By Vanessa Broadbent
Seventeen-year-old Mia McBryde has been skiing at Baldy Mountain Resort for as long as she can remember. Her family owns a cabin at the hill, and it’s their go to spot for weekends and holidays.
But the skier’s roots to Baldy run even deeper. She’s the great granddaughter of Willi Tenning, one of the founders of the resort and the namesake for the hill’s Tenning’s Trail, which McBryde was the first to ski down. Her parents even met on the hill.
“It’s become a family legacy,” she said. “Our family has basically been here for 40 years.”
While McBryde may be one of the hill’s only regulars that is genetically connected to its history, she is one of many skiers and snowboarders that calls the hill their second home.
Baldy Bums, the hill’s new four-part web series coming out in February, follows four of Baldy’s regulars, or “bums,” including McBryde, documenting the hill through a regular’s eyes and showcasing what it is that keeps them coming back every weekend.
The idea for the series came out of a brainstorming session with Stephanie O’Brien, the resort’s marketing director, and the rest of the Baldy team. They were looking for creative ways to share the hill’s culture.
“We started talking about all the unique characters and all the amazing people who live up at Baldy and how we could do something showcasing the sense of community that exists up here,” O’Brien said.
Eventually, the idea for Baldy Bums was born.
O’Brien and her team then put out a casting call and interviewed candidates. Their goal was to cast a variety of demographics: different ages, personalities and a mix of skiers and snowboarders, each with a different skill set, all with a history of going to Baldy.
“That’s exactly what we got,” O’Brien said, noting that some of the bums are more technical riders with plenty of tricks up their sleeves while others are more interested in chasing deep powder.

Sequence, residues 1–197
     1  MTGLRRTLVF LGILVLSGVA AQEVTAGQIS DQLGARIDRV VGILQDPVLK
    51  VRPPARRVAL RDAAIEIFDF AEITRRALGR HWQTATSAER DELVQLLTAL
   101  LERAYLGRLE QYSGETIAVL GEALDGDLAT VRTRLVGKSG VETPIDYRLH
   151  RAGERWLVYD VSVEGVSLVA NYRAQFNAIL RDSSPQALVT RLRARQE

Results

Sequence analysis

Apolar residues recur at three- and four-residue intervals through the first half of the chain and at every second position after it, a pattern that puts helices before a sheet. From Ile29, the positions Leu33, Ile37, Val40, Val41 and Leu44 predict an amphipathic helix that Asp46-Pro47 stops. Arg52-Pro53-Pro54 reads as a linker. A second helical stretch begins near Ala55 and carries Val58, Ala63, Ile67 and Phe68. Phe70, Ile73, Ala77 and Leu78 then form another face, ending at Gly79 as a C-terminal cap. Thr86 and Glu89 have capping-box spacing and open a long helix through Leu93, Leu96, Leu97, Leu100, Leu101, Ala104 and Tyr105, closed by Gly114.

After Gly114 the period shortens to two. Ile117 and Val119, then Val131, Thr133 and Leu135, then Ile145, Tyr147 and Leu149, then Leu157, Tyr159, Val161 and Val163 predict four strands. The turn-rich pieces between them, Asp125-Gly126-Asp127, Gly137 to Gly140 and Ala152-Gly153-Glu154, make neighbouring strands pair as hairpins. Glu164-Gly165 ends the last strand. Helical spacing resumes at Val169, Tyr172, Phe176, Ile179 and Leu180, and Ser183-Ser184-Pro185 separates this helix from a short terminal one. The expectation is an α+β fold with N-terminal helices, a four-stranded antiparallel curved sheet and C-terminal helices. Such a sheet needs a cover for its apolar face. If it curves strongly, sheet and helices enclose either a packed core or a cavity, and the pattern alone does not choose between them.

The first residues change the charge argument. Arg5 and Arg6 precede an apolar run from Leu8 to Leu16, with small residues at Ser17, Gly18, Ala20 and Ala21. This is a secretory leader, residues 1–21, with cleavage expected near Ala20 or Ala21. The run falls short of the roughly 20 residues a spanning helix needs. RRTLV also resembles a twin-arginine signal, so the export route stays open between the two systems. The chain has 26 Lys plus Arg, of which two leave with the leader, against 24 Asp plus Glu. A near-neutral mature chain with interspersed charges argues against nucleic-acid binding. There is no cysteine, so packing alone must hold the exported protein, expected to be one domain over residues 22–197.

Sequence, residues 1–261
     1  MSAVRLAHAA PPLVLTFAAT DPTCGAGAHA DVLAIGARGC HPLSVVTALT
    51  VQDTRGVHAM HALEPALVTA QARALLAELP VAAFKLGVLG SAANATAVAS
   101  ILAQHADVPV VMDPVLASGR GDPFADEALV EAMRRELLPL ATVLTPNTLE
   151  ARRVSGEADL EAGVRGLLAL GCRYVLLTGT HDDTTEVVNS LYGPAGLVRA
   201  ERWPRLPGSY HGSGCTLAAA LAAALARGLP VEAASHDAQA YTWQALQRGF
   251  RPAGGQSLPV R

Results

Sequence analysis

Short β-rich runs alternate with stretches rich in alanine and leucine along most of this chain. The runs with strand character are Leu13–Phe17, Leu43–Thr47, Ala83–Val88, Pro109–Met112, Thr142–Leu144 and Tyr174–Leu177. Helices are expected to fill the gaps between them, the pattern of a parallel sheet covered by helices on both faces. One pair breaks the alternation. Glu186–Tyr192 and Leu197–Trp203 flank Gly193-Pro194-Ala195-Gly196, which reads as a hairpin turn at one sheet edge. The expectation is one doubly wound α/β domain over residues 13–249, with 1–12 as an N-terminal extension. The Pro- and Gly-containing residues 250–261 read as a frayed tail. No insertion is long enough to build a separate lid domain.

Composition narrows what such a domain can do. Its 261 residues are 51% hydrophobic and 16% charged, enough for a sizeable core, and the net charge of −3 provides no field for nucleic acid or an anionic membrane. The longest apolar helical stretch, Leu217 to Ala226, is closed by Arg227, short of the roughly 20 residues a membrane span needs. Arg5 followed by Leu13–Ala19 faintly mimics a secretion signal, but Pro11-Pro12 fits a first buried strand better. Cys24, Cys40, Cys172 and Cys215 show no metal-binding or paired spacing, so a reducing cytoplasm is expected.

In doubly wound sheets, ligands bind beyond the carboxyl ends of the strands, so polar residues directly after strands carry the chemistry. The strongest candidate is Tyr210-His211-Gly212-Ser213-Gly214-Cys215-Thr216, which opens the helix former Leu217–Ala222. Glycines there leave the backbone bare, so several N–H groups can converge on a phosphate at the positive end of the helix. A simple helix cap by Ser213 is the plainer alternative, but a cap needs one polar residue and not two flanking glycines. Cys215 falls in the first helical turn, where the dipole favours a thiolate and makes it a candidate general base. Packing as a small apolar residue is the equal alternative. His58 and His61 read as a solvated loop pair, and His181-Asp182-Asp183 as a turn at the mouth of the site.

“You’re going to see a really diverse mix of skiing and snowboarding skills.”
Along with McBryde, three other bums were cast: Sebastian Hotte, Jesse Uphill and Trevor Leigh. Each one of them has a unique connection to Baldy.
Uphill has been to Baldy every single weekend for the past 30 years, O’Brien said. He even bought a house that came with a great view of the mountain.
O’Brien said it took a little convincing to get Uphill to agree to be on camera, unlike Leigh who has a background in acting and radio work.
“He’s a real character,” she said. “He’s really funny.”
The bums were each given a Go Pro camera and four different challenges to complete, one for each episode.
One challenge was to showcase each bum’s favourite secret run on Mount Baldy by recording a perfect run down the hill. For McBryde, that was “Silky Smooth,” which she says earned its name for having the best powder on the mountain.
Another challenge had the bums taking viewers through their morning routine with the goal of scoring the first chair of the day.
The one the team is currently working on involves interacting with other skiers and snowboarders by asking them questions.
This being her first time on camera, at least for public release, McBryde said that it can get uncomfortable at times. But she’s up for the challenge.
“It’s different but it’s a good different,” she said. “Sometimes you’re just sitting up there by yourself, talking to your camera.”
Once the filming is completed, the series will be launched on Baldy’s website and Facebook and YouTube pages, with the first episode planned to be released in February.
McBryde is excited to share her home away from home with the rest of the world. She says the series a great way to help promote Baldy and give viewers a taste of its friendly community, where it’s rare to not run into someone you know.
“It’s a great hill to be at, not a big one, but it still has the same great things as other big hills,” she said. “It’s nice to get the word out to everyone how great it is.”